When a hobbyist can put track, scenery and structures together in an engaging design, the magic happens. The model train scenery transforms the railroad into a miniature world often depicting an historic scene.
The enjoyment of your miniature world of working railroad and realistic scenery spreads to all who see it. What a sense of fulfillment you must have. Anyone who sees your work will know it took planning and lots of study of the real world to make it as realistic as possible.
For purposes of this article landscaping and scenery are used interchangeably. With the current materials available, you can build most of the scenery for your layout. The sub-terrain of screen wire and cardboard strips supports the scenery base. Styrofoam sheets are another material that can be used. On top of the sub-terrain the scenery base is made of plaster, fiberglass, light weight foam or paper mache.
Since the most popular scenery element is a mountain or mountain ranges, let’s look at mountain making. A common way to make model train mountains is with plaster and rubber molds. Other methods include carving, shattered ceiling tile and a urethane foam rock casting technique. Foam scenery costs a little more than plaster and it takes a little longer to color.
Among hobbyists, many believe the foam gives a better outcome. Your hobby shop can supply you with detailed instructions and the internet can supply access to books and articles. As alternates to plaster, you could also try Styrofoam® board and beaded foam board. They are light-weight, but when sanded into shape, can cause a dust problem.
Sometimes the additions of ground landscaping causes a hobbyist to question how to get the right look for so many different ground environments. Just take it one type at a time.
For rocks at the base of your mountain cliffs and roads try ground foam, the most popular ways to get the right look. The ground foam adds texture. Diluted white glue painted or sprayed on the ground base, prepares the base for peppering with the grass-like ground foam and polyester fibers.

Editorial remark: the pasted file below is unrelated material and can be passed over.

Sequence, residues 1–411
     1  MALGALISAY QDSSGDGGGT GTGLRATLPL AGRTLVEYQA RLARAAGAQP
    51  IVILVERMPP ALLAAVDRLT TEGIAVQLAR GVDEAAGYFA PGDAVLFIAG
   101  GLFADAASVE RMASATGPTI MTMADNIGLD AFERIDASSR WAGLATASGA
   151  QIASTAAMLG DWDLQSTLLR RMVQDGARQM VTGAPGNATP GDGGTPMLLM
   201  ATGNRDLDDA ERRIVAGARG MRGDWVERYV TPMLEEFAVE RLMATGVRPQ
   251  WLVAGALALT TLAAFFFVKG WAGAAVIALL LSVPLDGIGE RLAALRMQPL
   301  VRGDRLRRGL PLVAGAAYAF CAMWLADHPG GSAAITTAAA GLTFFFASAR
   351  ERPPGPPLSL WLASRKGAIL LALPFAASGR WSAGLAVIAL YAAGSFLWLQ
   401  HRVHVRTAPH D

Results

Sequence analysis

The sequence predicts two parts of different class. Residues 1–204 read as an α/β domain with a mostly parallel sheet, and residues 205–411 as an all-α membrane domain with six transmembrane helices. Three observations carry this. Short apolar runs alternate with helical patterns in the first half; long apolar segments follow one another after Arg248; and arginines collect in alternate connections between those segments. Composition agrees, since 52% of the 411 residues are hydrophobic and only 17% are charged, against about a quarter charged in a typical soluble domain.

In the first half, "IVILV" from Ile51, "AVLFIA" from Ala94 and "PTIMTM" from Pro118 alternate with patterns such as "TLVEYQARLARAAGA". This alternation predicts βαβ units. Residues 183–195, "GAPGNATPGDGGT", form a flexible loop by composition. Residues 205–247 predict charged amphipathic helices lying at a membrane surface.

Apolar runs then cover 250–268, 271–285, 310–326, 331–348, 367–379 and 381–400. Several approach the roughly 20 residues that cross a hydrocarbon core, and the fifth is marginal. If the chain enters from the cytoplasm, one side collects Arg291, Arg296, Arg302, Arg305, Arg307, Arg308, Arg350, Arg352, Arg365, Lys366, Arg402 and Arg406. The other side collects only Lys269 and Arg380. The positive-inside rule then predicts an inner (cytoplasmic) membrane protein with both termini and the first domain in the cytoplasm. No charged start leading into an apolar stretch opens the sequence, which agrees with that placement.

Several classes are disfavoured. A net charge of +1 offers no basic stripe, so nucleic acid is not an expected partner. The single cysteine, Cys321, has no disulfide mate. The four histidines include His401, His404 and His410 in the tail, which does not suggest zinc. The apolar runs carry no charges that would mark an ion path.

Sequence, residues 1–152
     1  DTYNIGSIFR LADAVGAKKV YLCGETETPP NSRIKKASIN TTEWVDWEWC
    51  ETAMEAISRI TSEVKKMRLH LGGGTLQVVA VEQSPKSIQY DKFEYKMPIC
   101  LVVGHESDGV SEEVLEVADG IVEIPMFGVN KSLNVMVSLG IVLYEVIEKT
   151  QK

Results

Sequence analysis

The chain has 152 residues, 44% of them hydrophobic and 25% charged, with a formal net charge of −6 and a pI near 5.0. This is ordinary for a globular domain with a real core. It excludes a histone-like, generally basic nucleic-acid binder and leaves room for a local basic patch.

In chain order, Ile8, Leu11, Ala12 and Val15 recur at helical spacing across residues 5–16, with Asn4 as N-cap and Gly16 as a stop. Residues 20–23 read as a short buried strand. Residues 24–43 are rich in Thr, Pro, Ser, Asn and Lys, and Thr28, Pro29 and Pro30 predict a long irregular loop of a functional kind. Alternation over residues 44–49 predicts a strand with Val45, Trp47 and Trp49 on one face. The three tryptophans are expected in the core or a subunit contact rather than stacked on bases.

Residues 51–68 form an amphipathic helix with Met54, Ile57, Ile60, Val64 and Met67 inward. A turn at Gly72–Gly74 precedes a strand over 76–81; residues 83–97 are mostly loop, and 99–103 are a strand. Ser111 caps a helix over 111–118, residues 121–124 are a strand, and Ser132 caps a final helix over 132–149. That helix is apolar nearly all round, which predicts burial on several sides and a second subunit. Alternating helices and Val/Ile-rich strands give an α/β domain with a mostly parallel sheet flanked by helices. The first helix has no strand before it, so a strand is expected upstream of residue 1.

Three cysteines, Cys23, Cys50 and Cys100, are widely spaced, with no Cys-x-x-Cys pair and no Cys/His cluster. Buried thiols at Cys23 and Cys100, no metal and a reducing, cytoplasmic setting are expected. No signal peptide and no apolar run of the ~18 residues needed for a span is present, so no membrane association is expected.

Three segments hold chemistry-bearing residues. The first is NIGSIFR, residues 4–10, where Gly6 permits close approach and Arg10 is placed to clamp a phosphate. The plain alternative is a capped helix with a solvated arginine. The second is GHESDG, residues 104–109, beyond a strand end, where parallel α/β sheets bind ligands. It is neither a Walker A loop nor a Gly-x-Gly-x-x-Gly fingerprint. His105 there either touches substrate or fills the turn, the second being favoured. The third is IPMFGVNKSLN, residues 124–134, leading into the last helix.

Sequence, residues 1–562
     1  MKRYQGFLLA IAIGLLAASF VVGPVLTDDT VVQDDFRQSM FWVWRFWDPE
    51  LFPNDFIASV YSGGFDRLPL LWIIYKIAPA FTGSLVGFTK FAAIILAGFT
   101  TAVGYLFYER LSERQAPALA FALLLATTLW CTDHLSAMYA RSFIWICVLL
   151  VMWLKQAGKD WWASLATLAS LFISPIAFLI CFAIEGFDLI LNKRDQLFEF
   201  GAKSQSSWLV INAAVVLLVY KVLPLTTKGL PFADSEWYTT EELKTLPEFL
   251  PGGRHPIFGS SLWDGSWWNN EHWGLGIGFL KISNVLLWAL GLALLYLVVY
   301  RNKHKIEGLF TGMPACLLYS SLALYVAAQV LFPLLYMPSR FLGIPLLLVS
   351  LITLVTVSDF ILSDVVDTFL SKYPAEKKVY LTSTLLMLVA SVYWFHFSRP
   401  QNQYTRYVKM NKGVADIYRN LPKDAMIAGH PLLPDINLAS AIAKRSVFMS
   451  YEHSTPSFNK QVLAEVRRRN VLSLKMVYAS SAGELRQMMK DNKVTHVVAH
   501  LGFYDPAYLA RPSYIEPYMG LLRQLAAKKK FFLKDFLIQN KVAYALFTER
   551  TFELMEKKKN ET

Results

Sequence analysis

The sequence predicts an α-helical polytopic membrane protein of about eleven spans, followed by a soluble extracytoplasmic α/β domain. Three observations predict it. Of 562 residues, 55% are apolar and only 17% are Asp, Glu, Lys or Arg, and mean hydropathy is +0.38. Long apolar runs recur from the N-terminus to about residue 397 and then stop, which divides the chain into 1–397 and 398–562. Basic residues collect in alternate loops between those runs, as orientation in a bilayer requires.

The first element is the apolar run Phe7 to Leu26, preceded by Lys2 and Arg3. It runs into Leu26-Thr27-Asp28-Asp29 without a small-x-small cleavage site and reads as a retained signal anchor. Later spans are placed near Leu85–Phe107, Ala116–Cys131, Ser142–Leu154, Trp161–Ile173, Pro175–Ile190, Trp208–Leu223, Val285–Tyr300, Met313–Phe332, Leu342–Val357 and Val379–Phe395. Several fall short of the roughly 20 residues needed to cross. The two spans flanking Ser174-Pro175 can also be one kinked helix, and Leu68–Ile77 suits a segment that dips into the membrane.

Another technique is to mist the glue on top of the foam after the foam has been applied to the ground. Along with ground foam is another easily found material, Lichen, for making trees and bushes. To simulate track ballast, a finely ground granite works well. To simulate water, try resin, rippled glass or polyurethane.
Choices for simulating grass include colored sawdust, wood chips and ground foam. Finally, for trees and shrubs try building with candytuft, Western sagebrush and caspia. Apply model foliage with adhesive. All of the scenery pieces can be bought at your local hobby shop so do not feel overwhelmed.
There are no limits to making the gorgeous scenery of the American mountains that can leave your viewers breathless. The miniature world is far more about imagination, focus and creativity than about how much money is spent.
Having a deep understanding of trains really is not necessary to get started in this hobby. All of that will come along when you need it. What you need now is time and care when building.
Reynolds Maxwell Mathes-Redd is a model train hobbyist and coach. For more great tips on model train scenery visit http://www.lovingmodeltrains.com/model-train-scenery and http://www.LovingModelTrains.com.
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Have you added mountains to your layout? Share your tips or experiences in the comments section below.